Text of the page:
AltTulsa has eclectic tastes in books and writing. We're fond of travel books, short story collections, Iraq war books, and serious novels.
It's this last category we are concerned with today, a novel by the widely praised by South African writer J. M. Coetzee. (Q: How do we know he's widely praised? A: Coetzee won the Nobel Prize for Literature in 2003.)
Slow Man chronicles the odd life of Paul Rayment, an Australian photographer laid low in a bicycle accident on the novel's first pages.
The story follows Rayment's physical and psychological recovery, including his growing obsession with his nurse, Marijana, and encounters with the mysterious Elizabeth Costello. This last character, by the way, is the title character of an earlier Coetzee novel.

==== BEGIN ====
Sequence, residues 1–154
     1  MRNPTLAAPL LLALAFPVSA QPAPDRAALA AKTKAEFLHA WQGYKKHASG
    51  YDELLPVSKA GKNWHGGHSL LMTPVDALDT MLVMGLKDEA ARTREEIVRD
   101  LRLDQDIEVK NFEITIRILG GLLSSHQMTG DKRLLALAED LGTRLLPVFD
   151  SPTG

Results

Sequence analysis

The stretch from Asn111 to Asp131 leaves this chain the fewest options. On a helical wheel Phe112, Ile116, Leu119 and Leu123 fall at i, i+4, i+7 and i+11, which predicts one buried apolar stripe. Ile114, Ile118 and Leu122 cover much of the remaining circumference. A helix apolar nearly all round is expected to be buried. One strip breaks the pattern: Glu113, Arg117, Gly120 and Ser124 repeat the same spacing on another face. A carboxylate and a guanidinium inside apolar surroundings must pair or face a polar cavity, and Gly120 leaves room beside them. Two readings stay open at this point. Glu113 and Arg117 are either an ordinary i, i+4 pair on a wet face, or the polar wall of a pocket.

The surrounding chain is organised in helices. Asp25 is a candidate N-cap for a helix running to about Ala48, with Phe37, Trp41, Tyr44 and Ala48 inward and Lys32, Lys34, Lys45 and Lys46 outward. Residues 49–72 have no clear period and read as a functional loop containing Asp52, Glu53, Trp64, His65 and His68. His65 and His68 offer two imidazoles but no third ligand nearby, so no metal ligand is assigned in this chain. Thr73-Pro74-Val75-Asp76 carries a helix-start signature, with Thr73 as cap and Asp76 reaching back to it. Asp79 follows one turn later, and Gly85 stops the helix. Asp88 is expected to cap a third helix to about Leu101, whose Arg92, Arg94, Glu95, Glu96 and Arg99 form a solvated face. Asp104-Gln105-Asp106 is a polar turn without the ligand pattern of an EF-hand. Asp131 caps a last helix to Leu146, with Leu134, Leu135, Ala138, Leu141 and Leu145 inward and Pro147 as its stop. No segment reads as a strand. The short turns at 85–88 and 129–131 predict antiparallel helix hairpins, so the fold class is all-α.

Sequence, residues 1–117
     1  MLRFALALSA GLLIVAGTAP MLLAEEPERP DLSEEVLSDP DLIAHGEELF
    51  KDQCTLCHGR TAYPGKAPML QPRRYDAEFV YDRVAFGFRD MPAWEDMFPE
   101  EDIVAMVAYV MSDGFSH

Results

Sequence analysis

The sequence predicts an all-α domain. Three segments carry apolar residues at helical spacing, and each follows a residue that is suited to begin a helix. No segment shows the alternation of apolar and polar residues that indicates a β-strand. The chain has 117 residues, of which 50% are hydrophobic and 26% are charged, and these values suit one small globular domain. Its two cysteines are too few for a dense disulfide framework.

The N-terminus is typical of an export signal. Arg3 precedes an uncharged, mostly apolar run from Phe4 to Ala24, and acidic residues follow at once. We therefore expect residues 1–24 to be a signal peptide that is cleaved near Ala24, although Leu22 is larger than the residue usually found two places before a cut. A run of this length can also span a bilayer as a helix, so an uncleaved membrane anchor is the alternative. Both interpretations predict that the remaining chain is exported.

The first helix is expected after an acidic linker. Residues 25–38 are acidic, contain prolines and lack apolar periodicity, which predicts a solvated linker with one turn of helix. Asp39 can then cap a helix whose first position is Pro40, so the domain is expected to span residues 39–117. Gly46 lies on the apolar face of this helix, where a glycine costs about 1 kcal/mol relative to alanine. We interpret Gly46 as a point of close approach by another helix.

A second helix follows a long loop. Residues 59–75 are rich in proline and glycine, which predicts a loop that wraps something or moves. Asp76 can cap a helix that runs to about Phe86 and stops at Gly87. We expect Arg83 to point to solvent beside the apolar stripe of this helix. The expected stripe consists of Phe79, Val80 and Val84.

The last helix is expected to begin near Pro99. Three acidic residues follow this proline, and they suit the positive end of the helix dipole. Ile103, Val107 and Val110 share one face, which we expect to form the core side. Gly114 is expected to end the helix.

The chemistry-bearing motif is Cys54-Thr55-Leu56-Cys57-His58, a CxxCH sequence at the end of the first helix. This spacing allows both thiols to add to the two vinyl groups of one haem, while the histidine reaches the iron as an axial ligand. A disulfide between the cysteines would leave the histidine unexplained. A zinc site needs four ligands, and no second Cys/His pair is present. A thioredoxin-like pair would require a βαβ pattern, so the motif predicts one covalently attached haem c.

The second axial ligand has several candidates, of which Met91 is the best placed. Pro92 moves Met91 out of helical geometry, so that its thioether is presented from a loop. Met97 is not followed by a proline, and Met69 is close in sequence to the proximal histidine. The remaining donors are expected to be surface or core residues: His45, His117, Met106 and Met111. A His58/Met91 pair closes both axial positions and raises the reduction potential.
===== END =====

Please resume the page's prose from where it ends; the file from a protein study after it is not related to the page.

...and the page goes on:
If this sounds unlikely or strange, that's because it is. We confess: we don't know quite what to make of Slow Man, but we were intrigued by Coetzee's literary imagination. What we need now is time to read more of Coetzee's work, including Elizabeth Costello.
After that, we'll have to go back and read Disgrace, The Life & Times of Michael K, and other Coetzee books. Serious readers, we suspect, will find much to appreciate in these challenging novels.